It is clear that for the new national government and for many of the provincial governments, Indigenous Peoples and their rights are not only not a priority, but are an obstacle in the face of extractivist possibilities that falsely promise a way out of the economic crisis. In the face of a view that prioritizes profit above all other objectives, the perspective of Good Living (Sumak kawsay or Buen Vivir) of Indigenous Peoples, which implies greater equality, better living conditions and the care of the territory and its resources, is completely left aside.

Beyond the legislative or administrative reforms that affect the communities, there is reason for concern about the increasing repression of Indigenous Peoples’ protests, and the increase of discourses that legitimize State and civil violence against any political manifestation contrary to the sign of the incoming government. It is fundamental that governments seek to guarantee democracy, human rights, and the rights of Indigenous Peoples, including their right to Free, Prior and Informed Consent and self-determination. No real democracy or socioeconomic progress is possible without respect for the rights of the entire population of a nation.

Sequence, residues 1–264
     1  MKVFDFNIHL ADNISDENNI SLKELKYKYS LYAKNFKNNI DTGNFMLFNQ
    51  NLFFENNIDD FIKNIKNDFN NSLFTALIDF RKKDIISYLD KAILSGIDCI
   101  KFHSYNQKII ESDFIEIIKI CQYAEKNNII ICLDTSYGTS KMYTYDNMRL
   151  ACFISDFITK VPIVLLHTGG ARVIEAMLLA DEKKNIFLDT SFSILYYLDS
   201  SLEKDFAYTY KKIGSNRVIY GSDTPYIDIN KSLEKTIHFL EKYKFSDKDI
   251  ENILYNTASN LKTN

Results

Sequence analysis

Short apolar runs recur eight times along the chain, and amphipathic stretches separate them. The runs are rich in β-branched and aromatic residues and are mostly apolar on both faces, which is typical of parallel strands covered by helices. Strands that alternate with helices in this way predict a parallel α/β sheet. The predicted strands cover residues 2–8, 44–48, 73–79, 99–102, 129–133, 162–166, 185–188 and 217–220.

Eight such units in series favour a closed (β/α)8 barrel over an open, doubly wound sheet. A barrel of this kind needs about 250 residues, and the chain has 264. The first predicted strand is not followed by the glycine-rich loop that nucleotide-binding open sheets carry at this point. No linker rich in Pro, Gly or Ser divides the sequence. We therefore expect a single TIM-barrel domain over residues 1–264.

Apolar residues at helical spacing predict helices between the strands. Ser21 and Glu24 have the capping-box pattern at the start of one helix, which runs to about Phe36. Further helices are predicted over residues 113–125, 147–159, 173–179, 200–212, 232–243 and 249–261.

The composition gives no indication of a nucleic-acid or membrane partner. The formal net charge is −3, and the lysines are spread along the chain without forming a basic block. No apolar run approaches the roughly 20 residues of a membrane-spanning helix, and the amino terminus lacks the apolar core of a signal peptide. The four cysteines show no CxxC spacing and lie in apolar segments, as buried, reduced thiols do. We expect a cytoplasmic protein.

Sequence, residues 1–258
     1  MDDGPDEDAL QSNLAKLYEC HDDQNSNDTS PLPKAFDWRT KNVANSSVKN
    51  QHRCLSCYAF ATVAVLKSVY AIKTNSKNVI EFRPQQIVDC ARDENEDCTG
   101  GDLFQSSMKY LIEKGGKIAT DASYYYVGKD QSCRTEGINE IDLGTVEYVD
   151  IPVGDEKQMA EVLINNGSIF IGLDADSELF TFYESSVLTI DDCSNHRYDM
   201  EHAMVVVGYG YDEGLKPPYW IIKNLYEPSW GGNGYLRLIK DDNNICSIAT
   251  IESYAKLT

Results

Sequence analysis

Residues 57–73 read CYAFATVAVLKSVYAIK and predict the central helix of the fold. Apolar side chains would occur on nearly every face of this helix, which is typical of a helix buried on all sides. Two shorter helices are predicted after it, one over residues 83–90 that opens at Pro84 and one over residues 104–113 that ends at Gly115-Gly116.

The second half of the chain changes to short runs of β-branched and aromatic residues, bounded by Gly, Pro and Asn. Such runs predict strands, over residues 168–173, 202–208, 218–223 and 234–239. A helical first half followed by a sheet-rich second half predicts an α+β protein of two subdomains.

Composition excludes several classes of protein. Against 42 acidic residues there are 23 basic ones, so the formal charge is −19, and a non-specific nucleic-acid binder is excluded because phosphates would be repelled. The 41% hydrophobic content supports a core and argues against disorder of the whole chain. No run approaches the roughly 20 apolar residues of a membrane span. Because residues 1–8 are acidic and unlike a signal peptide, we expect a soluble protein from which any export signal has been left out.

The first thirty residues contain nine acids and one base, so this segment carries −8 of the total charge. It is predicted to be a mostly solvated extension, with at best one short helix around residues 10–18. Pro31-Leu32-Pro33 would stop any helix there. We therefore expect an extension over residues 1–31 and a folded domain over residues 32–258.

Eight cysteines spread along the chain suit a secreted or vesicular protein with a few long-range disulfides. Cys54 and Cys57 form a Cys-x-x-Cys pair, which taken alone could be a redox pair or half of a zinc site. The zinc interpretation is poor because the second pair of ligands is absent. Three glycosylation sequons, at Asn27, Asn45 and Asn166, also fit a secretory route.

Forty years after the recovery of democracy, we hope that the new government and the people of Argentina can build country projects from a non-violent dialogue and from the respect for the rights won by the popular struggle, of which Indigenous Peoples, pre-existing the national State, are an integral part.

Top photo: Javier Milei in the program "La Noche de Mirtha" on December 3, 2022, taken from the Flickr of Ilan Berkenwald.